Press Releases

Subcommittee Approves Measure to Cancel Haiti’s Debt

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Washington, DC, March 4, 2010 | comments

Today, the International Monetary Policy and Trade Subcommittee approved H.R. 4573, the Debt Relief for Earthquake Recovery in Haiti Act, introduced by Rep. Maxine Waters (D-CA). The bill would require the Secretary of the Treasury to instruct the U.S. Executive Directors at the International Monetary Fund (IMF), the World Bank, the Inter-American Development Bank (IDB), and other multilateral development institutions to use the voice, vote, and influence of the United States to do the following:

  1. cancel immediately and completely all debts owed by Haiti to these institutions;
  2. suspend Haiti’s debt service payments to the institutions until such time as the debts are canceled completely; and
  3. provide additional assistance to Haiti in the form of grants so that Haiti does not accumulate additional debts.

The United States has called on the IMF to cancel Haiti’s debt to the IMF using the institution’s own internal resources, and H.R. 4573 directs the Secretary of the Treasury to instruct the IMF’s US executive director to advocate the use of some of the realized windfall profits from the sale of IMF gold, which was authorized by Congress last year, to provide debt stock relief, debt service relief and grants for Haiti.  The measure also calls upon the Administration to use all appropriate diplomatic influence to secure complete cancellation of any remaining bilateral, multilateral and private creditor debt owed by Haiti.

 “The country of Haiti is engaged in a massive recovery process and cannot bear the financial burden of its existing debt obligations. Today, I held a Subcommittee hearing to discuss the process of bilateral and multilateral debt relief for Haiti to bring about long term economic recovery. I look forward to continuing to work in a bipartisan manner to assist the people of Haiti in their time of greatest need,” stated Congressman Gregory Meeks (D-NY), Chairman of the Subcommittee on International Monetary Policy and Trade.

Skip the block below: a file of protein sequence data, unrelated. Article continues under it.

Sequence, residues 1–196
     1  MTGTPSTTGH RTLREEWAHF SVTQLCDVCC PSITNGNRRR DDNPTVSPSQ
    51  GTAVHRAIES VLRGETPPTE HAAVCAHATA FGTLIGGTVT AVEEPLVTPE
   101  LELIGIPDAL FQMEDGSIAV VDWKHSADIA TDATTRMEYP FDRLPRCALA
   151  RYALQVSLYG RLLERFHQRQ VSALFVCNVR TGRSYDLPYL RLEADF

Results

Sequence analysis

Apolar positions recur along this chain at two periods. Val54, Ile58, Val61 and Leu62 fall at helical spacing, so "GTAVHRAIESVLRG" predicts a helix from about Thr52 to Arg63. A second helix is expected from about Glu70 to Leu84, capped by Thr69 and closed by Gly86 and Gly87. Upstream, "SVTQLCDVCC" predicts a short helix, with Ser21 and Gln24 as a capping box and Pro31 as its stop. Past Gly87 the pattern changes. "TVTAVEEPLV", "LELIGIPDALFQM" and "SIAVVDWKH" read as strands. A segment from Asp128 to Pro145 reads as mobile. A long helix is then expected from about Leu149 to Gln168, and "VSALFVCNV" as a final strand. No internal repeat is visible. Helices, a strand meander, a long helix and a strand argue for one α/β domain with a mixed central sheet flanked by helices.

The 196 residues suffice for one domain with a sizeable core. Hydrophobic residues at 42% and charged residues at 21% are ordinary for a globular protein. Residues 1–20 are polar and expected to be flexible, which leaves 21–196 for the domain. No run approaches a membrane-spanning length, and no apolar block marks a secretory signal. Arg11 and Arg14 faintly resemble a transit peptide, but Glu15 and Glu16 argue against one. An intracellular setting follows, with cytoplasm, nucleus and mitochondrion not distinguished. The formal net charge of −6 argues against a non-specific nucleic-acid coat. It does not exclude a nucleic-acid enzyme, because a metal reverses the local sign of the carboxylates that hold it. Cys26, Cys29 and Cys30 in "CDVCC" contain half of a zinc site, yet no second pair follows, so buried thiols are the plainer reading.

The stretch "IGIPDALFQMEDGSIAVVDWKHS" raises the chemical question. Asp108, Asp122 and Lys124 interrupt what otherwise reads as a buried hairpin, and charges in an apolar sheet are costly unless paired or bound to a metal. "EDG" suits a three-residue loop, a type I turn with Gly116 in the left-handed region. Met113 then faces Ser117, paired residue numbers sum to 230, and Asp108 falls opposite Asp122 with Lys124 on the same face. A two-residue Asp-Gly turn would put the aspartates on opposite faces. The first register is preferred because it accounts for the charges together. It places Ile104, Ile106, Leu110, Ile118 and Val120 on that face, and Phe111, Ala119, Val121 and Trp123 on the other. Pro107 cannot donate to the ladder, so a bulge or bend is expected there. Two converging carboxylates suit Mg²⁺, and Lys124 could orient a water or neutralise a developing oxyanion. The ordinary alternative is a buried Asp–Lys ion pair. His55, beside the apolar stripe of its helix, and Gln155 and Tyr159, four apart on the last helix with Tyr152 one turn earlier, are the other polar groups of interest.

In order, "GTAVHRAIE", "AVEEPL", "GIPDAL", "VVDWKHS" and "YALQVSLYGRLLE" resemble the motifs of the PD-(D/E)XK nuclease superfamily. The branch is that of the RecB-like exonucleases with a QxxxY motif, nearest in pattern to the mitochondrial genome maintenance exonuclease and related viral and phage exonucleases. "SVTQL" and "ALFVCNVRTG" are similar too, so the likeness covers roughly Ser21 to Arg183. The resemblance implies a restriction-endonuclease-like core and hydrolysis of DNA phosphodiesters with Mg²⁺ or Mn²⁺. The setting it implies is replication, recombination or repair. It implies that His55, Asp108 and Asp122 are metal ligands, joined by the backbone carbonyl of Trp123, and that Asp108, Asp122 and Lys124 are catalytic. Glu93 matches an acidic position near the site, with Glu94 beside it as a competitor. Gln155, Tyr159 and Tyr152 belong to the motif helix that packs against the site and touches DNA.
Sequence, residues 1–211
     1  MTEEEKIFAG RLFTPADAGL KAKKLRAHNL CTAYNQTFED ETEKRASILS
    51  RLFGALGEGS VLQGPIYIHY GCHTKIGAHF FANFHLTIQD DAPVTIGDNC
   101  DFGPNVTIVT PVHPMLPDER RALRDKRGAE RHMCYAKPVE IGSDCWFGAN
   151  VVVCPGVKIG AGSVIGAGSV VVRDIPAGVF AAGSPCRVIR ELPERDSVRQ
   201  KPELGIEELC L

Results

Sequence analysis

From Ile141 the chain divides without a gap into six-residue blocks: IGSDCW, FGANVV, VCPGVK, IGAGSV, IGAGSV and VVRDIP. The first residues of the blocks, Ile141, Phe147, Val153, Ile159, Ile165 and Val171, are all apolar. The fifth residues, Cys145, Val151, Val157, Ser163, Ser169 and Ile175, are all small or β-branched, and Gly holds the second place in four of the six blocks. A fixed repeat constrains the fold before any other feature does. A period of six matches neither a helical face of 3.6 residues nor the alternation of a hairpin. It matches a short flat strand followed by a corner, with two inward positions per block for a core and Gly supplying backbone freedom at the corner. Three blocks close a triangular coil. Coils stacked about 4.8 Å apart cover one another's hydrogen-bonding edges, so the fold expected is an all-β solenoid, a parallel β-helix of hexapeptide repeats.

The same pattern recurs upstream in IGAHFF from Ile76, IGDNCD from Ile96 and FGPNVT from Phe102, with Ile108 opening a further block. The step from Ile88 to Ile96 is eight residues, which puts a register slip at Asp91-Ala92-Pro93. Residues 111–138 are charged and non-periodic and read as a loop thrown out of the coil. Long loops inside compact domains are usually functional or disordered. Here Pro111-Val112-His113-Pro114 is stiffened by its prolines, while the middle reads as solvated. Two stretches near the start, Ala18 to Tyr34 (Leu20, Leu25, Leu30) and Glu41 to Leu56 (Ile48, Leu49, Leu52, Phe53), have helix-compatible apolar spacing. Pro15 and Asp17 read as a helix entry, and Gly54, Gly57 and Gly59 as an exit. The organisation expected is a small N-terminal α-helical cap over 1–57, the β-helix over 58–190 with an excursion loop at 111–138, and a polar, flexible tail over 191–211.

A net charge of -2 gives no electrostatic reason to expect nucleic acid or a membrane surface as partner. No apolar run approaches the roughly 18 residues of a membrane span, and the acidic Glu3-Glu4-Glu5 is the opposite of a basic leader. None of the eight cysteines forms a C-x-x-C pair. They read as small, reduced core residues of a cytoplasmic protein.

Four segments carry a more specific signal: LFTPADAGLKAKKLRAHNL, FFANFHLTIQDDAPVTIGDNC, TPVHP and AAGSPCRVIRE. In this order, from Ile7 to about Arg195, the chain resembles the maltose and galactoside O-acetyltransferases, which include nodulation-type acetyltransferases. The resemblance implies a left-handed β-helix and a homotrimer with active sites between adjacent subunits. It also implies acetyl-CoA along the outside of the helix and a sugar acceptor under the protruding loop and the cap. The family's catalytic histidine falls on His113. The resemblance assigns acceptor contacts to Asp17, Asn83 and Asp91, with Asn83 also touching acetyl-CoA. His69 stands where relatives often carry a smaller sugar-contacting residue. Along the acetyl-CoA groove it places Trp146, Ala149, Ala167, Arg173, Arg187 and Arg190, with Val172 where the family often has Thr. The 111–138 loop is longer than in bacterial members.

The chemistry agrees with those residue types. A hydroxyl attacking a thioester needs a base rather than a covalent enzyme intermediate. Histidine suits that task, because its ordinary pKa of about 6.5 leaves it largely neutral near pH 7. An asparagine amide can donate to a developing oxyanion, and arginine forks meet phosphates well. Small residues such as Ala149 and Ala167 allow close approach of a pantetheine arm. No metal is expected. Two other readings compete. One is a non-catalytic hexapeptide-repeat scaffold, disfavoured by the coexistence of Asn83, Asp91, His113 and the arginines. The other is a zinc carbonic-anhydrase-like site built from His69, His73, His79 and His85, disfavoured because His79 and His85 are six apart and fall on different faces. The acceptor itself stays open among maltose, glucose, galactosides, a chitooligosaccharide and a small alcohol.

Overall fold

“Haiti faces enormous challenges now, and the burden of paying off foreign debt would prevent the nation from taking necessary steps to help its people at this perilous time.  I introduced H.R. 4573 so that Haiti can use its limited resources to make both immediate and long-term investments in essential humanitarian relief, reconstruction and development efforts,” said Congresswoman Waters.

“The moral case for canceling Haiti’s debt is clear,” said Barney Frank (D-MA), Chairman of the House Committee on Financial Services, “and the Committee stands prepared to continue to work with the Administration to authorize a swift and substantial U.S. commitment to comprehensive multilateral debt cancellation for Haiti.”

Haiti, the poorest country in the Western Hemisphere, owes $828 million to multilateral development institutions according to the U.S. Department of the Treasury.  This includes $447 million to the IDB, $284 million to the IMF, $39 million to the World Bank, and $58 million to the International Fund for Agricultural Development.

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